BY TREVOR GARDNER
America’s soul music revival swept through Sanders Theater last weekend as three neo-soul neophytes performed at BLSA’s Spring Conference Benefit Concert for the organization’s 2002 Spring Conference.
Audra, a former lawyer who now advises inner-city youth about their constitutional rights, kicked off the night with a series of spoken word pieces recounting her experiences in the black community. Her first piece conveyed the ridicule she received from spoken word lifers when they discovered that she maintained a day job working at a corporate law firm. Next, she delivered a biting commentary on “gangsta rap,” insisting that the rampant materialism within the genre only serves to damage the self-worth of impoverished youth.
Next on the lineup was Motown Records artist Lathun, whose debut album Fortunate will be on shelves this summer. Lathun could be described as a cross between Bilal and… Bilal. Nonetheless, the artist passionately presented his case for being the hot new soul descendant following in the footsteps of D’Angelo, Maxwell and, of course, Bilal. The budding Detroit native set himself apart from the increasingly crowded genre after introducing the audience to his guitar named Harmony and strumming a slow love song that left onlookers in a momentary trance. (Lathun is a self-taught pianist, guitarist and drummer, and normally sings his own background vocals.)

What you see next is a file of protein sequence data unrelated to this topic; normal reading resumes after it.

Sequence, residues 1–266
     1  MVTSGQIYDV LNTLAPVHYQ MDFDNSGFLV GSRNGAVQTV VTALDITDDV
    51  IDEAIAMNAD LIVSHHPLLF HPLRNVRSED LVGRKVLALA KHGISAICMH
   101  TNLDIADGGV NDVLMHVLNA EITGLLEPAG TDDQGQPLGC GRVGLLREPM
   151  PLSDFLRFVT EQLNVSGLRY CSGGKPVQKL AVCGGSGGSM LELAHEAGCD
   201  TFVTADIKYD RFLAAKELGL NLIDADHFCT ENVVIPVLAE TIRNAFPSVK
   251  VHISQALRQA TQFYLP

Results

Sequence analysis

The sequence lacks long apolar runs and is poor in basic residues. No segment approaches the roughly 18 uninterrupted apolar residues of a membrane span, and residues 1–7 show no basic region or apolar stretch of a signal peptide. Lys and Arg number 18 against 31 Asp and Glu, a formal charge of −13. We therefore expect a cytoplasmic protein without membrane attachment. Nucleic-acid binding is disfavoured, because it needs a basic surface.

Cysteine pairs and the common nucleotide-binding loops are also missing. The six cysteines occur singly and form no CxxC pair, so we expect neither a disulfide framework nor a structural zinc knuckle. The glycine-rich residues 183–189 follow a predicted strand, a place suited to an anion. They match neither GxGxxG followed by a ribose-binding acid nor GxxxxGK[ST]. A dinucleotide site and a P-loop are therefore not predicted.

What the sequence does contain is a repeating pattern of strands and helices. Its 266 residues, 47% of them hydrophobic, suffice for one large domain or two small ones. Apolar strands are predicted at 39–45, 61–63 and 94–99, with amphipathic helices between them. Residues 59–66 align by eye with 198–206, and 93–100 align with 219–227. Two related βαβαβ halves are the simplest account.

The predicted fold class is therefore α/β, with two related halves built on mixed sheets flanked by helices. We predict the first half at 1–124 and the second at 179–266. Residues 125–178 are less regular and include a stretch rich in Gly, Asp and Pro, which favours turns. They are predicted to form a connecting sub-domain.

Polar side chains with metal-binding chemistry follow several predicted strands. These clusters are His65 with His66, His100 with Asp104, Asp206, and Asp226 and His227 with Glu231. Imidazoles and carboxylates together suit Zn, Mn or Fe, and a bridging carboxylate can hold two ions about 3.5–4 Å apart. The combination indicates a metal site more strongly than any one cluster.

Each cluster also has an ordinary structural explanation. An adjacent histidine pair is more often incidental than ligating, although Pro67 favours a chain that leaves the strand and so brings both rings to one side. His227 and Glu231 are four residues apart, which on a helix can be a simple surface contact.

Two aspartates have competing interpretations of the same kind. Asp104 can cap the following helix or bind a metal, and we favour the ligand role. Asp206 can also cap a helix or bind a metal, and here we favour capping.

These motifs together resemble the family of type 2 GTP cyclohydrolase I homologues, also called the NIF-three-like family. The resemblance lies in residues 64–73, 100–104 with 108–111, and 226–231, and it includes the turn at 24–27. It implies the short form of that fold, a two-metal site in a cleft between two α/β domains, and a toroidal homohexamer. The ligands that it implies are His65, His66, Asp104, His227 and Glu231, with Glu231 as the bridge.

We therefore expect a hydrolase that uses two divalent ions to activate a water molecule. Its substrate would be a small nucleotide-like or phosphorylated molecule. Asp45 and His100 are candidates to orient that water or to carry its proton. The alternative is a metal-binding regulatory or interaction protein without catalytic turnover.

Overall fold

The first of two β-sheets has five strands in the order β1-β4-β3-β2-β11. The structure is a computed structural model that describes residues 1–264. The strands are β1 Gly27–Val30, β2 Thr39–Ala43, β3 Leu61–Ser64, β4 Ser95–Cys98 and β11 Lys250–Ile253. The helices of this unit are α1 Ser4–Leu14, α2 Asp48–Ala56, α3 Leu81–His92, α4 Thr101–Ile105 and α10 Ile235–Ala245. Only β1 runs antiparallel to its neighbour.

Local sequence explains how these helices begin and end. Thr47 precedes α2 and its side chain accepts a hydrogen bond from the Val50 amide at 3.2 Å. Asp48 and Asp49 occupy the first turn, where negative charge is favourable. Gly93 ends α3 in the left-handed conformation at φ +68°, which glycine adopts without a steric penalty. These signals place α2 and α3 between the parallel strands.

Toward the end of his performance, perhaps after catching a particular vibe from the crowd, Lathum began to take liberties with his clothing. In the tradition of R&B – but thankfully not yet a staple of neo-soul, – Lathun rubbed his belly to the rhythm of the music, casually exposing a little midriff. The crowd’s response was decidedly mixed.
Saxophonist Mike Phillips closed the night with his five-man band, remarkably turning smooth jazz into a memorable experience. His quintet rifled through original songs and a few covers, including a jazz version of Eminem and Dr. Dre’s hit single, “Forgot About Dre,” that spilled into a hip-hop version of the national anthem. Phillips’ screaming sax witnessed to the recent claims that soul has finally made a revival.
As a benefit concert, the event raised money for Vision for Youth, a non-profit organization seeking to improve teen girls’ relationship with mass media. The organization publishes a magazine called HeadZ Up!, which provides teenage girls with opportunities to write, research, and interview on a variety of topics pertinent to their community.